negau

Negau type helmet from Ženjak, Slovenia 

 

These helmets are of an Etruscan design from circa 500-450 BC called the Vetulonic or Negau type, which are of bronze with a comb-shaped ridge across the skull, and a protruding rim with a groove right above the rim. However, inscriptions on the helmets are believed to have been added at a much later date (2nd c. BC), and the deposition has been dated to circa 50 BC – i.e. shortly before the Roman conquest of the area.

https://balkancelts.wordpress.com/2014/03/14/the-negau-inscriptions/

 

 

 

 

 

 

 

 

 

 

Literature Cited

 

Boucher St. (1970) Bronzes grecs, hellénistique et étrusques des Musées de Lyon. Lyon, Audin et de Boccard.

Getov 1962 = Гетов Л. (1962) Нови данни за въоръжението у нас през латенската епоха.Археология 3, 41-43

Garcia D. (2013) Le casque corinthien des Baux-de-Provence. In: L’Occident grec de Marseille à Mégara Hyblaea. Hommages à Henri Tréziny Bibliothèque d’Archéologie Méditerranéenne et Africaine 13 pp. 85-90

Feugère M., Freises A. (1994-1995) Casque de type Negau découvert près d’Agde (Hérault). RAN, 27-28, 1994-1995, p. 1-7.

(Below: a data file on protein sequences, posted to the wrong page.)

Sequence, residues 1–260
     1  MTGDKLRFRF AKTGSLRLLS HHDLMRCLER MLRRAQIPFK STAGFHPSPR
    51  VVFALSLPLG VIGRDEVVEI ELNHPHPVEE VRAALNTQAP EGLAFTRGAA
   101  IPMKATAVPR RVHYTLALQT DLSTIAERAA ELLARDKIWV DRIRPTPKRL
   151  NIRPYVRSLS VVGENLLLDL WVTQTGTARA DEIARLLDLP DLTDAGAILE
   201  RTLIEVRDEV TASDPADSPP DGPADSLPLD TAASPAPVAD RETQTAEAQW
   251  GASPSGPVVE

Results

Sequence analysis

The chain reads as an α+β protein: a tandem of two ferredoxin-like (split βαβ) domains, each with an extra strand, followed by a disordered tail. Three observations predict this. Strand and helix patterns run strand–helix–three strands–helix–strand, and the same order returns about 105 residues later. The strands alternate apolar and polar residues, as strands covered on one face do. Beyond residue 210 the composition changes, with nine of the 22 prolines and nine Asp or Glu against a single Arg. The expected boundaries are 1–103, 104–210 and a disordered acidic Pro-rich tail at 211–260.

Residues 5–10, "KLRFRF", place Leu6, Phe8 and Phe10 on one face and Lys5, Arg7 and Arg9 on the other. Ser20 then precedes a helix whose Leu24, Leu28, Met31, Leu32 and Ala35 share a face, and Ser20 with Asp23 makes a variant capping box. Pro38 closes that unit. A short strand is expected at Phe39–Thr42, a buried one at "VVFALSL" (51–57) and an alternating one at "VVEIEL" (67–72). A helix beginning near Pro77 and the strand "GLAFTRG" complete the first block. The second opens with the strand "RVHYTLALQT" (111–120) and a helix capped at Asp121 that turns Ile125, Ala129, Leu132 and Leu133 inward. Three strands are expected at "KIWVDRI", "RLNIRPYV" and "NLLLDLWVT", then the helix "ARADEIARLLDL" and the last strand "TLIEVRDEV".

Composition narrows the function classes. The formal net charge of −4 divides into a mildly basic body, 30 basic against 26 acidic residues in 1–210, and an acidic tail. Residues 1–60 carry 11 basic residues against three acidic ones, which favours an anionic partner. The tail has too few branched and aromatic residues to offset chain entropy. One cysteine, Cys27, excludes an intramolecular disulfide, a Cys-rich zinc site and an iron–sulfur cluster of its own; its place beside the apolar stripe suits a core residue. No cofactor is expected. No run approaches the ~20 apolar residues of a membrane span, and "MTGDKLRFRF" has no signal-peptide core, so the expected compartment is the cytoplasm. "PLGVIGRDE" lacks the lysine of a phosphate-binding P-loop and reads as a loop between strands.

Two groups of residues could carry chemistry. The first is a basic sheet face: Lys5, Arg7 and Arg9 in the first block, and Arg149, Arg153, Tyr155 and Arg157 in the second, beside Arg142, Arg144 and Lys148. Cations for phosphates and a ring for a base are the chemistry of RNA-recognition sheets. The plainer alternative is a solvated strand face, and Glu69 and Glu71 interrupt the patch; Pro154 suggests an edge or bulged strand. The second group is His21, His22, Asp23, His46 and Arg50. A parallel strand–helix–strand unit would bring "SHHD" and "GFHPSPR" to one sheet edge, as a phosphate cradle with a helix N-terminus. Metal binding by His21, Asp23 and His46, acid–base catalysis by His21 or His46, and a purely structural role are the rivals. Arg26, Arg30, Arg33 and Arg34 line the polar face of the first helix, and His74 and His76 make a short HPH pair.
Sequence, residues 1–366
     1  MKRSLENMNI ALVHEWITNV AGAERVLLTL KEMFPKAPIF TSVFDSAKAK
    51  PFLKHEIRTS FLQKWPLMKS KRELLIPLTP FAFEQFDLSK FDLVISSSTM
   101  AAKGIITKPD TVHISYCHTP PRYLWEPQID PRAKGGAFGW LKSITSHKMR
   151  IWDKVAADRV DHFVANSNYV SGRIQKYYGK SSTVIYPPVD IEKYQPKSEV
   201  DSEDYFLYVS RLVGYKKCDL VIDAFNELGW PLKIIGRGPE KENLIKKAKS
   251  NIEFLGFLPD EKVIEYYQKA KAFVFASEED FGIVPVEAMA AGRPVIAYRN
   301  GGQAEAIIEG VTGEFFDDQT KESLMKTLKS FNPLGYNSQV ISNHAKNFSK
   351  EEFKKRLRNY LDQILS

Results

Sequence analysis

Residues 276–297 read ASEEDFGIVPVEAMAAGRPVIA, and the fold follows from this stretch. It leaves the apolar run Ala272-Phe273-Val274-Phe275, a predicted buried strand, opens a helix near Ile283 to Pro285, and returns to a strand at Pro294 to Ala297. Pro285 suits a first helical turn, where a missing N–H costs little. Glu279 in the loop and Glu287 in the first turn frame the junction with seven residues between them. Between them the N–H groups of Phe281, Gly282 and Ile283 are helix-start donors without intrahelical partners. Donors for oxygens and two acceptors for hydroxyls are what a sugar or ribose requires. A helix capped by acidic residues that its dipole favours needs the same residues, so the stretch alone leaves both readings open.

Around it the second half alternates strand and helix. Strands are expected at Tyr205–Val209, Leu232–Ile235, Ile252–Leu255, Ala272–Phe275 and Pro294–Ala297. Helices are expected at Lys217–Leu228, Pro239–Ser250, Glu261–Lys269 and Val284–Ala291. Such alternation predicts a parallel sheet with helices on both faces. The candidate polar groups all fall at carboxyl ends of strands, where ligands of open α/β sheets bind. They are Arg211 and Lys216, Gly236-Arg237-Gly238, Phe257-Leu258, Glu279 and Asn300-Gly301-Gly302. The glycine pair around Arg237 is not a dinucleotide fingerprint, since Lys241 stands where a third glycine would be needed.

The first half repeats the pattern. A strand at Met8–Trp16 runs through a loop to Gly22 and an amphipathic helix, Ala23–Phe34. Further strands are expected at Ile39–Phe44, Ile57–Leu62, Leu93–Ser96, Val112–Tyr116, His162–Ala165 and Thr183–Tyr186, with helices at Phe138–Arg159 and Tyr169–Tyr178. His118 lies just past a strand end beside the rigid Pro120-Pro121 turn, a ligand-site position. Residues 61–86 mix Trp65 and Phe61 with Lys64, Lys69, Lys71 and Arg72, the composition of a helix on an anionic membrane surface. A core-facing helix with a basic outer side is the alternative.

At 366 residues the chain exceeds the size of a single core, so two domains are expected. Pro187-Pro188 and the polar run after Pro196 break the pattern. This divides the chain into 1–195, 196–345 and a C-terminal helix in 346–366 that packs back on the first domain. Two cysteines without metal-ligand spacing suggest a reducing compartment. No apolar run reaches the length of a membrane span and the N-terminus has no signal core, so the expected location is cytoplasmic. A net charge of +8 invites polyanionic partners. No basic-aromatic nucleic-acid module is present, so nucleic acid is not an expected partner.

Jourdan A. (1897) Guide du visiteur dans l’antique ville des Baux. Avignon, Aubanel.

Mac Gonagle B. (2013) The Kingmakers – Celtic Mercenaries:

https://www.academia.edu/4910243/THE_KINGMAKERS_-_Celtic_Mercenaries

Mac Gonagle B. (2014) The Celtic Burials from Kalnovo (Eastern Bulgaria):

https://www.academia.edu/4096257/The_Celtic_Burials_From_Kalnovo_Eastern_Bulgaria_

Mac Gonagle B. (2015) On The Celtic Conquest of Thrace (180/279 BC):

https://www.academia.edu/10763789/On_The_Celtic_Conquest_of_Thrace_280_279_BC_

Megaw V. (2004) In the footsteps of Brennos? Further archaeological evidence for Celts in the Balkans. In: Hänsel B., Studenikova E., (eds.) Zwischen Karpaten und Ägäis. Neolithikum und ältere Bronzezeit. Gedenkschrift für Viera Nemejcova-Pavukova. Rahden /Westf. 93-107